9-RA. Harold Latimer Coan, b. Feb. 24, 1878, at Hilo, Hawaii; 

d. Aug. 13, 1878, at Hilo, Hawaii. 
9-SA. Raymond Church Coan, b. Sept. 9, 1884, Hilo, Hawaii. 

He was with the Ambulance Corps in France in 

April, 1917. 


Frances Cazenovia Church (Rev. Dr. Jared O. 7-H, 
Capt. Samuel 6), born Nov. 5, 1842, at Churchville, N. 
Y. ; married Sept. 4, 1860, at Columbia, Tenn., John 
Sevier Irwin (b. April 2, 1831, at Savannah, Tenn., d. 
June 5, 1918, at Savannah). 

Mrs. Irwin was educated in the Tennessee Conference 
Female College, at Columbia, of which her father was 
president, graduating with the class of 1859. She took 
additional studies the following year, and was married 
on the 4th of September, 1860, to Mr. John S. Irwin, a 



prominent and lifelong citizen of Savannah. The Quar- 
terly Conference of the Methodist Episcopal Church, in 
a resolution passed after his death, said of Mr. Irwin: 
"We deeply feel the loss of his help and council in church 
and conference. That we revere his memory as the most 
saintly and devoted member of our body. That we cher- 
ish the rich memories of the many years of his active 
service, and that we commend the spirit of the man to 
all his comrades in church activities." Mrs. Irwin's ad- 
dress is Savannah, Tenn. 


9-TA. Annie Laura Church, b. May 26, 1863. 
9-UA. James Orin, b. Jan. 9, 1868. 
9-VA. Nancy Eliza, b, March 31, 1877. 


Laura Belle Church (Rev. Jared 0. 7-H, Capt. Sam- 
uel 6), born August 14, 1847, at Hillsboro, Texas; mar- 
ried Oscar Jerome Lawrence. 

In the College at Columbia, Tenn., of which her father 
was president, Mrs. Lawrence had exceptional opportuni- 
ties, and that she appreciated the advantages of the De- 
partment of Music is evidenced by the manner in which 
for many years she supported herself and her family. 
She taught instrumental and vocal music and served as 
church organist many years : sixteen years as organist 
for the Methodist and eleven years as organist for the 
Baptist churches of Charleston, Mo. She was also a 
composer of music. Of interest to other than her im- 
mediate family is the following, taken from the St. Louis 
Globe-Democrat of Dec. 31, 1879 : 

"We copy the following from the Courier Gazette, 
Charleston, Mo. Mrs. Lawrence is a daughter of Dr. 


J. O. Church, and sister of Mrs. John Irwin. She was 
formerly a music teacher at the Savannah College:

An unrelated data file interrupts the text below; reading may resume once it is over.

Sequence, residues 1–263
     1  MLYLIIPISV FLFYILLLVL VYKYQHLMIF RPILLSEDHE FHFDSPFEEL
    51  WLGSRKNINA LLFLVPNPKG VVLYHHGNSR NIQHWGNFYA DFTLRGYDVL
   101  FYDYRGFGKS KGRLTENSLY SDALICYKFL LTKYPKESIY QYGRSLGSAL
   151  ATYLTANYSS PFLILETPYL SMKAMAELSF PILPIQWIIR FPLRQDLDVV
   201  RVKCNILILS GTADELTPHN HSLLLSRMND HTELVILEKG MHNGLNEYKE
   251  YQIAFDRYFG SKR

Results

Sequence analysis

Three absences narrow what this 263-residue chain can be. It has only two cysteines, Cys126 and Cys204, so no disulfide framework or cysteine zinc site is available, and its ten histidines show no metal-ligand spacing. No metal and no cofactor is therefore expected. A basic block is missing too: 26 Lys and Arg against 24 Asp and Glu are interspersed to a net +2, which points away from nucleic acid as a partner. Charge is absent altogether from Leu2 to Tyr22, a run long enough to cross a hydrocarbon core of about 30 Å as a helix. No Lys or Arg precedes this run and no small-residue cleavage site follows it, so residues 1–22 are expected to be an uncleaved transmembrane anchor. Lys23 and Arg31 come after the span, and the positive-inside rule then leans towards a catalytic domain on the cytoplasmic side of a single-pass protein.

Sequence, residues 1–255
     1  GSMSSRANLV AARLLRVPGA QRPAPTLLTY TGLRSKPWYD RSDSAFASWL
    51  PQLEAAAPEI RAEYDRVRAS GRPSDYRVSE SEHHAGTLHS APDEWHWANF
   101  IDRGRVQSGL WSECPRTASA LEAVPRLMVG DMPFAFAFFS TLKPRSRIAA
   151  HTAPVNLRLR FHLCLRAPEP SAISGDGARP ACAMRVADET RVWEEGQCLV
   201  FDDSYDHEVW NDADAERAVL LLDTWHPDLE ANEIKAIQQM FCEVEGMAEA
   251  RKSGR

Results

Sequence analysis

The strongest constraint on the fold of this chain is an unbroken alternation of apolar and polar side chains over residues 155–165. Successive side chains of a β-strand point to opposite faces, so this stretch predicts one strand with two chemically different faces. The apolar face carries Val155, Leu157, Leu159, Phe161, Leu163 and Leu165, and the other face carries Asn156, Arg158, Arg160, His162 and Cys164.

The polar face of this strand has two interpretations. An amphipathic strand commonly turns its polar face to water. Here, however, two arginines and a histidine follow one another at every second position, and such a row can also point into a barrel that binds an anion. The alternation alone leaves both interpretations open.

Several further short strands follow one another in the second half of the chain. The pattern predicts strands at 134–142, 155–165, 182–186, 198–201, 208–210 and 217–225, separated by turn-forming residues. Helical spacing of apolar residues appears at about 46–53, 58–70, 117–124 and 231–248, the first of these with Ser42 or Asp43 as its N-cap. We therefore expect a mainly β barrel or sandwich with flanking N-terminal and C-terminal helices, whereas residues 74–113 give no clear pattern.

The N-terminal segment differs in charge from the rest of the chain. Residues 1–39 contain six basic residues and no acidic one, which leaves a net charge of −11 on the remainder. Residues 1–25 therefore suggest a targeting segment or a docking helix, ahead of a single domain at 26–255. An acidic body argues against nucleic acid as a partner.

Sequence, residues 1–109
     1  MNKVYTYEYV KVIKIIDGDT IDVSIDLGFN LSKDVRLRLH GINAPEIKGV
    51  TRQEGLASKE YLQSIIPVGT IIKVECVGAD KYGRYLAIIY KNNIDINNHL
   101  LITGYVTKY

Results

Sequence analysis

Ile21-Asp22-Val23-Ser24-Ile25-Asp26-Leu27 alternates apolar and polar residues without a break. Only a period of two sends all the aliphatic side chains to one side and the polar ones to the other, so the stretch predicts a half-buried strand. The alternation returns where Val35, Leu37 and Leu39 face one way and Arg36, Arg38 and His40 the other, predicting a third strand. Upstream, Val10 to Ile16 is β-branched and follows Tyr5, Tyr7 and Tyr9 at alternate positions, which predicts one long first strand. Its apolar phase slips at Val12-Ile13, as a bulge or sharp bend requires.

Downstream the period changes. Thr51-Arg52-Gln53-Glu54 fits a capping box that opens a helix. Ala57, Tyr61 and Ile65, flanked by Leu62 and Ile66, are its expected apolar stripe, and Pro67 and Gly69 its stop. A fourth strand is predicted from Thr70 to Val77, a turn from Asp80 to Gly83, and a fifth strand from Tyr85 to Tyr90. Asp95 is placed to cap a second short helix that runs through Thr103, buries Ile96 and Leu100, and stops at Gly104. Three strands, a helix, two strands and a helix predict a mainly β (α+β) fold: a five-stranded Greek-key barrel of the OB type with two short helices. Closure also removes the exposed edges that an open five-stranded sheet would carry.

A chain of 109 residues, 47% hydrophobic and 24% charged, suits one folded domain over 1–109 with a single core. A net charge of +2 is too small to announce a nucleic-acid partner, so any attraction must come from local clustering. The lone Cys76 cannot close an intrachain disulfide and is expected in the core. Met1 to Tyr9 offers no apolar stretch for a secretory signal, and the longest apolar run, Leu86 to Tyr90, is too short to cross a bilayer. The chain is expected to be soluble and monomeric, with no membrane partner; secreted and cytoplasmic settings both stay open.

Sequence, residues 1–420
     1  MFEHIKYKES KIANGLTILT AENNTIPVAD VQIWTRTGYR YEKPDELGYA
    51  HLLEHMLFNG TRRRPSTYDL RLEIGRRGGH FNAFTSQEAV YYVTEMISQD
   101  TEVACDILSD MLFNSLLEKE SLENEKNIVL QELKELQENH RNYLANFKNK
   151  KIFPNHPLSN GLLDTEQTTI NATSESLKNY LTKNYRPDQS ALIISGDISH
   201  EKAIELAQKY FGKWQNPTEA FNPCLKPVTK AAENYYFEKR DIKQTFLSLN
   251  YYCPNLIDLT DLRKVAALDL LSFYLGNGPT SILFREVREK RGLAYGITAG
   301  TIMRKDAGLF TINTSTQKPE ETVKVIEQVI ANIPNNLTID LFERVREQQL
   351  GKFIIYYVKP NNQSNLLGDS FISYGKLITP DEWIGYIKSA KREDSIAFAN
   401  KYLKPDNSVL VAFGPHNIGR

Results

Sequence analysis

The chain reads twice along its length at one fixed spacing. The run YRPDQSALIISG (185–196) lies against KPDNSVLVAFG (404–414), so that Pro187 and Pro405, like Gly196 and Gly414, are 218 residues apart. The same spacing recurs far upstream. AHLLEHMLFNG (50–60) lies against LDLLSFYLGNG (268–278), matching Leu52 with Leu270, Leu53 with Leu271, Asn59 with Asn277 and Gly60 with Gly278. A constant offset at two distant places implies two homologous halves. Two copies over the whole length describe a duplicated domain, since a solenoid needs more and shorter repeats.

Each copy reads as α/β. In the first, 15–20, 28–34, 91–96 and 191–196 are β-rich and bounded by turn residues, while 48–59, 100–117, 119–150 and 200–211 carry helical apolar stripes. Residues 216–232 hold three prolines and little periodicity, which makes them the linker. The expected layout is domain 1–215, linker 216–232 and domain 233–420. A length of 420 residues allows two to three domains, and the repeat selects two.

'Mrs. Lawrence, instructress of music at the Charleston Classical 
Academy, has received an invitation from the President of the 
New York Music Association, to accompany the members of that 
Association and other eminent musicians of the United States on 
a tour to Europe, for the purpose of further perfecting their 
knowledge of music from observations among the master European 
musicians. Recognizing the value her services would be to them 
and to the musical profession of this country, in general, the 
Association have very kindly offered to pay Mrs. Lawrence's ex- 
penses during the entire trip from New York and return. This 
invitation, corning from the source that it does, is a highly 
satisfactory confirmation of the opinion the patrons of Mrs. Law- 
rence here and elsewhere, have had of her ability as a music 
teacher.' " 


9-WA. Fannie Church Lawrence, b. July 29, 1866. 
9-XA. Lila Irwin Lawrence, b. Aug. 10, 1868. 




Sparrel Hill, son of Munson Rufus and Elizabeth 
(Hale) Hill, born October 19, 1844; died July 10, 1910; 
married, October 20, 1864, Annie Elder; she died June, 


10. Annie Munson Hill, b. ; d. May 16, 1917, 

Trenton, Tenn. 

10-A. Lucy Hale Hill, b. ; (P. 0. Address, Tren- 
ton, Tenn.) 

(From "The Trenton Weekly Gazette," Thursday, May 24, 1917) 

"Miss Munson Hill, eldest daughter of the late Hon. Sparrel 
Hill, and Mrs. Hill, born and reared in Trenton, is dead. She 
passed peacefully away on Tuesday night May 15. Miss Munson 
has been for many long years a very great sufferer but her suffer- 
ings were borne always with Christian fortitude. Her creed in 
life was to be bright, cheerful and helpful. Her faith in God, 
and the Christian religion was but a part of her being. She 
was a consistent working member of the Methodist church, and a 
teacher of great influence in the Sabbath School. Her strong